When a pair of estranged twins unsuccessfully attempt suicide on the same day, the trauma drives them together, albeit reluctantly. Starring SNL alums Bill Hader and Kristen Wiig, The Skeleton Twins has already received nearly universal acclaim and has garnered the Sundance Film Festival's award for best screenwriting. Although the dark subject matter might not always pair well with such comedic pros, this poignant piece has been called "warm, funny, heartfelt and even uplifting" (David Rooney, The Hollywood Reporter) (93 min; R; language, some sexuality, drug use)

16   Rosewater  (2014, USA. d. Jon Stewart)
The Daily Show's Jon Stewart makes his directorial debut with a dramatic take on the true story of Iranian-Canadian journalist Maziar Bahari. When Bahari gave an interview for a seemingly throwaway bit on Stewart's show in 2009, Iranian forces used the footage as evidence of his communication with an American spy. Based on the memoir, Then They Came for Me, Rosewater follows Bahari's 118 day captivity and brutal torture at the hands of captors he never gets to glimpse. Stewart's directorial skills are already being hailed as of a veteran quality, and the film itself, while sometimes difficult to watch, "is also suffused with hope and even joy." (PopMatters) (103 min; R; language, gun violence, beatings)

23    Tale of The Princess Kaguya/Kaguyahime no monogatan  (2013, Japan, d. Isao Takahata)
Inspired by Eastern brush painting and based on one of most ancient of Japanese folk tales, The Tale of the Princess Kaguya tells the story of a magical girl found by a peasant in a shining bamboo shoot. As she grows, she becomes strikingly beautiful—and surprisingly independent for a 10th century character. Isao Takahata, who directed Grave of the Fireflies and co-founded Studio Ghibli with Hayao Miyazaki, weaves a tale of diaphanously subtle animation that unfolds like the scroll the Princess studies as a child; and, like those in the scroll, Takahata’s images are hand drawn. Maggie Lee of Variety calls the film “a visionary tour de force, morphing from a childlike gambol into a sophisticated allegory on the folly of materialism and the evanescence of beauty.” (137 min; PG; thematic elements, some violent action and partial nudity)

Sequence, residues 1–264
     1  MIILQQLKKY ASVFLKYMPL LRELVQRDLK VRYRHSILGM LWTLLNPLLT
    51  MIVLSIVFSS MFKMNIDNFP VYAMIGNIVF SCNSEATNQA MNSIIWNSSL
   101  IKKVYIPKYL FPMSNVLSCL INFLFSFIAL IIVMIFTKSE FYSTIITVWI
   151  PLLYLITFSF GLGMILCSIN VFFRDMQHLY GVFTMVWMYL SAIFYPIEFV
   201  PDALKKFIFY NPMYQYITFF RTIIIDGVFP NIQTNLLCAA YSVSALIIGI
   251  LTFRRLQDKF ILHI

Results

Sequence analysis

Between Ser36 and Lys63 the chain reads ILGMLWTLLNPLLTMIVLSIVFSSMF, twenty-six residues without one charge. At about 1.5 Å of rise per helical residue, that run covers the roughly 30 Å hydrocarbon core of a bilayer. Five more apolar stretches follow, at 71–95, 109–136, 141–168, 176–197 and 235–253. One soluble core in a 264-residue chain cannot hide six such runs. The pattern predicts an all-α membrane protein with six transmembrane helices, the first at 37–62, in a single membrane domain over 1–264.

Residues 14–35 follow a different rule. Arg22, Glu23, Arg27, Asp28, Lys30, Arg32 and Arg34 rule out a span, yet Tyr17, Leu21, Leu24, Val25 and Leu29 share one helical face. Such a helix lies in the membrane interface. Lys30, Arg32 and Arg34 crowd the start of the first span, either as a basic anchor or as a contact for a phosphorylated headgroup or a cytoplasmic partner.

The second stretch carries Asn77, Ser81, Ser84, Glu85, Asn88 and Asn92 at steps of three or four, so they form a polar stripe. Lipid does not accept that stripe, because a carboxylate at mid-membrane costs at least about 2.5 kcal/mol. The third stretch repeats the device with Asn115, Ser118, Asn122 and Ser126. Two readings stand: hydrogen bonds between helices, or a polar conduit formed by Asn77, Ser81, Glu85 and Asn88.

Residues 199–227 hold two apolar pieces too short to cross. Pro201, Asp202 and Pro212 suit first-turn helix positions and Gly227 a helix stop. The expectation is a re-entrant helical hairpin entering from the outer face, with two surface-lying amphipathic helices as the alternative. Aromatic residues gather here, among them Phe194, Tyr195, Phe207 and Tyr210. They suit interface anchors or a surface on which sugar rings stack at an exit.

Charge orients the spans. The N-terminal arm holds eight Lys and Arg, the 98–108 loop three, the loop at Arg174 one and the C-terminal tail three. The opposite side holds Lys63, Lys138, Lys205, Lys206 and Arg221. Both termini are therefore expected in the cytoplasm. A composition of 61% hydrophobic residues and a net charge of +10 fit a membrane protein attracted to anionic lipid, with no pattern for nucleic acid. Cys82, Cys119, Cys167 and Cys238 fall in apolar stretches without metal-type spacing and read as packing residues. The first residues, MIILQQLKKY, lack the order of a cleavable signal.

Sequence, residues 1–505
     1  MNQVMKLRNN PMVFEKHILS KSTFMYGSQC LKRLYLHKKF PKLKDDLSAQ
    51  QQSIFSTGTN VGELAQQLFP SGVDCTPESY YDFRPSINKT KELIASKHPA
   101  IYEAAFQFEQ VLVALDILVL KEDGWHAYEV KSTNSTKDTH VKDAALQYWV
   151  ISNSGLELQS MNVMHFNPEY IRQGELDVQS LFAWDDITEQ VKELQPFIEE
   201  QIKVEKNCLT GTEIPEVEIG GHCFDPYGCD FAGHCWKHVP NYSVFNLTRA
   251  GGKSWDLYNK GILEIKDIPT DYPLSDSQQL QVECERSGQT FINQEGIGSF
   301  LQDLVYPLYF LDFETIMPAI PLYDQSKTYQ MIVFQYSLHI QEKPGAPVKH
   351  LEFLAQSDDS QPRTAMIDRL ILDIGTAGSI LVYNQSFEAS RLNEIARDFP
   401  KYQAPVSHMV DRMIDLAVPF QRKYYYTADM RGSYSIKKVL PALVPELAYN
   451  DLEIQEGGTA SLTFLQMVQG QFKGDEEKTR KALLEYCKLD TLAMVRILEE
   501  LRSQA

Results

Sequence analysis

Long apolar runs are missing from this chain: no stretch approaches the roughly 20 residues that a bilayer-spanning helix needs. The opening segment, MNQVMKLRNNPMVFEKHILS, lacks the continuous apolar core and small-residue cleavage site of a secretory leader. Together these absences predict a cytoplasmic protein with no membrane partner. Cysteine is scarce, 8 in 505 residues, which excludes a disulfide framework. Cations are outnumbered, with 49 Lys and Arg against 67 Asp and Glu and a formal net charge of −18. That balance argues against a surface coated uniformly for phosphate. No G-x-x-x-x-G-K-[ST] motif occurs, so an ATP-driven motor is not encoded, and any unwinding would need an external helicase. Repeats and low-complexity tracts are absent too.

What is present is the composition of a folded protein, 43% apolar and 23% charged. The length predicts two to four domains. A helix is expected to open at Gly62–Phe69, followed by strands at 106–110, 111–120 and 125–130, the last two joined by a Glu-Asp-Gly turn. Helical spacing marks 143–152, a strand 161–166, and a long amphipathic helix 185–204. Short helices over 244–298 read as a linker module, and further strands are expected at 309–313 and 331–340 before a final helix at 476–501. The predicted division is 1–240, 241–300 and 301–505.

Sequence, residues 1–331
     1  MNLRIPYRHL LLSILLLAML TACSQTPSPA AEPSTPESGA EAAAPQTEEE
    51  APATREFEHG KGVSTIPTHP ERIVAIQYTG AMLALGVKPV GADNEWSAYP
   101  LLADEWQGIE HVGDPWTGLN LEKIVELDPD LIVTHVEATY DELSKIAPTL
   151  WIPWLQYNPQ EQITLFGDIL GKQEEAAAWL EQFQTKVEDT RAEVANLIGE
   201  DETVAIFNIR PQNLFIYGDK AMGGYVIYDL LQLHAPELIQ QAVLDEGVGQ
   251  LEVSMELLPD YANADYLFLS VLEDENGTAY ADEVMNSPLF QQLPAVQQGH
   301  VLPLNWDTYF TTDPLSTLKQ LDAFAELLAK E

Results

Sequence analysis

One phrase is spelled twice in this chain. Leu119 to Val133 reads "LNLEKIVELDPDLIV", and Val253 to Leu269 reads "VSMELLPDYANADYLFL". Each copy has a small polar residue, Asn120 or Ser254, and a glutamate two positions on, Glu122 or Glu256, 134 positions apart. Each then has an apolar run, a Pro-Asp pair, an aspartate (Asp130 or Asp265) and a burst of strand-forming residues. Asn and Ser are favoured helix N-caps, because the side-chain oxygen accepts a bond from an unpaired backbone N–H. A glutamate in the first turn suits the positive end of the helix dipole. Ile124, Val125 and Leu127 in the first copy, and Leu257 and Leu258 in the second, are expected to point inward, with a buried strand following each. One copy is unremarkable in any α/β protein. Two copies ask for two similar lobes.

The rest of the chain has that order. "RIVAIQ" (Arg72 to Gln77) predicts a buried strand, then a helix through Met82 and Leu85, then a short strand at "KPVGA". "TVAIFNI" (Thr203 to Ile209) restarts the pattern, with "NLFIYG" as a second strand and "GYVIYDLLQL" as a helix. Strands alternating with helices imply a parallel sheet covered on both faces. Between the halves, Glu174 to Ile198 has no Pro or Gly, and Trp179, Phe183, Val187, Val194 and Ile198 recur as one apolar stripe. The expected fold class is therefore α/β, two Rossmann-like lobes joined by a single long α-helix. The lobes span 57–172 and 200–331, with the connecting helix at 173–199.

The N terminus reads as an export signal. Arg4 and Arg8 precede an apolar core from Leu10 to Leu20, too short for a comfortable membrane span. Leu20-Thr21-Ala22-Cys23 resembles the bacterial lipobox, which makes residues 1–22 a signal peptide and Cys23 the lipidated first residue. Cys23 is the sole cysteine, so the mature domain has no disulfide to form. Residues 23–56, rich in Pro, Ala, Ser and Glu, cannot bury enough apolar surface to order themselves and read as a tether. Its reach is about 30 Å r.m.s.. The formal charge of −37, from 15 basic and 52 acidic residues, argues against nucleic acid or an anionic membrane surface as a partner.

30    Whiplash   (2014, USA, d. Damien Chazelle)
Whiplash is a tale as entrenched in passion as it is in obsession. When Andrew Neyman enrolls at a cutthroat music conservatory, he aspires to rise to the top of his class—only to be beaten, abused, and terrified by a professor who will accept nothing short of greatness from the protege drummer. The film is "full of bravado and swagger," and is "informed by great performances" (James Rocchi, Indiewire), which has resulted in a Best Supporting Actor nod for J.K. Simmons, in addition to four other Academy Award nominations, as well as top prizes at Sundance. (105 min; R; language)